Make us your home page

Today’s top headlines delivered to you daily.

(View our Privacy Policy)

Controversial mining proposal resurfaces in Hernando; public meeting set to explain details

Coal sits piled ready to fuel the kiln at the Brooksville South Cemex Plant.

WILL VRAGOVIC | Times (2011)

Coal sits piled ready to fuel the kiln at the Brooksville South Cemex Plant.

BROOKSVILLE — Plans to expand the mining operations of Cemex Construction Materials Florida south to Cortez Boulevard are back on the table.

The proposal was first discussed with county planners in early 2011 and went before the Hernando County Planning and Zoning Commission in June of that year. But residents around the proposed expansion objected strenuously.

Planning officials ordered the applicants to hold a public meeting to work through some of the issues and to more fully explain the proposal, but once again residents objected. The application has sat dormant since.

Recently, yellow signs sprang up on the property along Cortez announcing that the mining plan will again be presented to interested residents in preparation for a new application by Cemex. A public meeting is scheduled for 6 p.m. April 16 at the Hernando County Mining Association Enrichment Center at 800 John Gary Grubbs Blvd. in Brooksville.

In the interim, the owners of the property and Cemex officials, which had planned to lease the land for 20 years, worked through some of the issues raised by residents and also some internal issues, according to county senior planner Paul Wieczorek.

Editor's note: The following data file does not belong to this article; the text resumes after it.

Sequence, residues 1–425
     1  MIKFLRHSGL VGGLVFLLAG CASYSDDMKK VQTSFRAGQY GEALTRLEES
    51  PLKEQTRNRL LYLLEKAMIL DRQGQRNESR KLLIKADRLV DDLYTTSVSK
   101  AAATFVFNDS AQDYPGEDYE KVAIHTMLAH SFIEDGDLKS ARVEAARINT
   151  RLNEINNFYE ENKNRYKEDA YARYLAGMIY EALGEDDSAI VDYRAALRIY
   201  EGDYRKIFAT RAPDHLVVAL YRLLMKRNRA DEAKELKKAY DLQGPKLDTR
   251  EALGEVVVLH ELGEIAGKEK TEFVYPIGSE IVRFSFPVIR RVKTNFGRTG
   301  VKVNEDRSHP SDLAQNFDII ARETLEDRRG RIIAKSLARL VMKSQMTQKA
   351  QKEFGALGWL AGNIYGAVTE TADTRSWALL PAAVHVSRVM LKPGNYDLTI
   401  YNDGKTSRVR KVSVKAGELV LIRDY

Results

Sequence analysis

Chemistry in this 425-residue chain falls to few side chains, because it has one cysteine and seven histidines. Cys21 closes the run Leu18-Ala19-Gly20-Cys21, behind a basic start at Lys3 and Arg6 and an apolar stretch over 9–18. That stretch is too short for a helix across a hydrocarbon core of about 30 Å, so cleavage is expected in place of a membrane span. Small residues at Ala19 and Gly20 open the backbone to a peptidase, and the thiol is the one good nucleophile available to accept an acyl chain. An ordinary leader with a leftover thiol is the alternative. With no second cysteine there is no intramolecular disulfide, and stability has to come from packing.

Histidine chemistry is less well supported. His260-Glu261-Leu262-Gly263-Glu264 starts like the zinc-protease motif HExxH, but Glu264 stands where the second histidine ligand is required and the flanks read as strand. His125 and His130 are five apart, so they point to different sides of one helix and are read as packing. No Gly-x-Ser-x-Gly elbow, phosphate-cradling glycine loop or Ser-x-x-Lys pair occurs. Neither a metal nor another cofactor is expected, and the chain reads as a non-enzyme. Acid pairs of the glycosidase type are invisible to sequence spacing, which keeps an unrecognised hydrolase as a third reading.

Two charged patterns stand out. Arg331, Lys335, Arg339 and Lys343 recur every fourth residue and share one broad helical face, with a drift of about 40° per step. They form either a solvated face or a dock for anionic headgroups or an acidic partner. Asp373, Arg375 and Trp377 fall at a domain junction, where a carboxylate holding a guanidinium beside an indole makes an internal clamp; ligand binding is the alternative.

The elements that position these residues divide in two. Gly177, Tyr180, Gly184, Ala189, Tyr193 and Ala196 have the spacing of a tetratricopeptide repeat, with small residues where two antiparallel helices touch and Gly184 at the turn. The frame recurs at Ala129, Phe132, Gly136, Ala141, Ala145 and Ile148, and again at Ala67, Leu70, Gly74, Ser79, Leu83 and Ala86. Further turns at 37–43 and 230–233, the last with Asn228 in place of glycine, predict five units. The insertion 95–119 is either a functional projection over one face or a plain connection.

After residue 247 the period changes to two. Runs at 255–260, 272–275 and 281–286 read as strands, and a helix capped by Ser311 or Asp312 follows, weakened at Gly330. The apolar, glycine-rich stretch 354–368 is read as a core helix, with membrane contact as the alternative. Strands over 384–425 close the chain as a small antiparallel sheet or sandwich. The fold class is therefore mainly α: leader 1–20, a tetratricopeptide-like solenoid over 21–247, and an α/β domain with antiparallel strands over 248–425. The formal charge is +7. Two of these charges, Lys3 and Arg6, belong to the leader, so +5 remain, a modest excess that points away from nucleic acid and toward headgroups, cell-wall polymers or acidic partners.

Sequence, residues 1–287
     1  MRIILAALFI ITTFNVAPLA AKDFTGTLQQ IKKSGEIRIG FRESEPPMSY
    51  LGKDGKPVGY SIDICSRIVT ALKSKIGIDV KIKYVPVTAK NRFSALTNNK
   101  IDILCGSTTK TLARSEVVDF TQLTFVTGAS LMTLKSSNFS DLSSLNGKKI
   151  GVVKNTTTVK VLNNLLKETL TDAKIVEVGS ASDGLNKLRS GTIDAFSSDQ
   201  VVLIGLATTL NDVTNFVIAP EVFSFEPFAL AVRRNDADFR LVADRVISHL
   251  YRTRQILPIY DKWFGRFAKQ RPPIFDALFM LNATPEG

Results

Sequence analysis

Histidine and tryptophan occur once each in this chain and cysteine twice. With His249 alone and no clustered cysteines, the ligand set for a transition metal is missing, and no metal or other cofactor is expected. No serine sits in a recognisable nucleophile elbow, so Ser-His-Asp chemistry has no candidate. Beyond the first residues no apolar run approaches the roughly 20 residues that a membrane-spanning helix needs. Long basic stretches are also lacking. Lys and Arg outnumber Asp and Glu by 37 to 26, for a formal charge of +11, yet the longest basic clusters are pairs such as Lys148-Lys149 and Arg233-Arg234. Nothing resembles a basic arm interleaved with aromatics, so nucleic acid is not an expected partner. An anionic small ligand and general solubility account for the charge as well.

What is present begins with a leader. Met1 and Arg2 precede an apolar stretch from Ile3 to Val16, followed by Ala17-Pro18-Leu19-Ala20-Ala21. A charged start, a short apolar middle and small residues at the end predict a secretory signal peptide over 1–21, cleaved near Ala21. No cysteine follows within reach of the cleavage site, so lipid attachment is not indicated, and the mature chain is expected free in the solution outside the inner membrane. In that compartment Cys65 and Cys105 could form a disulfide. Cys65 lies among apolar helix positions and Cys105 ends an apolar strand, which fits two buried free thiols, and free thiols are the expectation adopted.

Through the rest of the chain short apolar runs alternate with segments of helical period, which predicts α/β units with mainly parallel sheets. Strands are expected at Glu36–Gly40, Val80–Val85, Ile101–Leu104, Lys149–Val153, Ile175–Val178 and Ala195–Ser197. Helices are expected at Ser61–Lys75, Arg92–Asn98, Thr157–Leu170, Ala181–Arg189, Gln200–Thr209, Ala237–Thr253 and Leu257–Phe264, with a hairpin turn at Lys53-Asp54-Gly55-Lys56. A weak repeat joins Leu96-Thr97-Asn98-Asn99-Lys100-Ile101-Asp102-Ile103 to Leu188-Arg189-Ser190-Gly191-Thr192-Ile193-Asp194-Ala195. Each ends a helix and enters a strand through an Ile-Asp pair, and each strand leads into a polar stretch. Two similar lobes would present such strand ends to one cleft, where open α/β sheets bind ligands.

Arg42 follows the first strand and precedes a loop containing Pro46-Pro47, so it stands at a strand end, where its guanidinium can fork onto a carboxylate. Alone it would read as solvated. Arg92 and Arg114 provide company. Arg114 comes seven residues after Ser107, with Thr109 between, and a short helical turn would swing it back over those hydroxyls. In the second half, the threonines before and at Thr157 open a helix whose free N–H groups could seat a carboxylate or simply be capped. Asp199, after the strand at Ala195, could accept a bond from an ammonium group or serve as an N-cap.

"They obviously want to move on with the project now that they have all of their issues resolved,'' Wieczorek said.

The original proposal was a comprehensive plan amendment that would change the future land use of 730 acres from residential and commercial overlay to mining and commercial overlay.

The property is bordered on the north and west by Fort Dade Avenue and on the south by Cortez Boulevard. The eastern border is just west of Cobb Road. The proposal was to change 573 acres within that boundary to mining.

Owners of the nine now-vacant parcels include prominent Hernando businessmen Tommy Bronson, Jim Kimbrough, Robert Buckner and Joe Mason, as well as Zeneda Partners Limited Partnership.

Residents' concerns included fears that their homes would be damaged by mining operations and that they would lose the natural habitat around their homes. Others voiced worries about what would happen to the nearby historic Spring Hill Cemetery and how the company would handle blasting noise.

Cemex representatives in the past have assured residents that they can be placed on a list of people to be notified when blasting will take place. The company also has argued that it plans a larger-than-needed buffer area around the perimeter of the active blasting zone.

The company also provided residents information about how the project would be done in phases and how dirt would be mounded at digging sites to abate noise, then be used for reclamation after the mining activity was complete.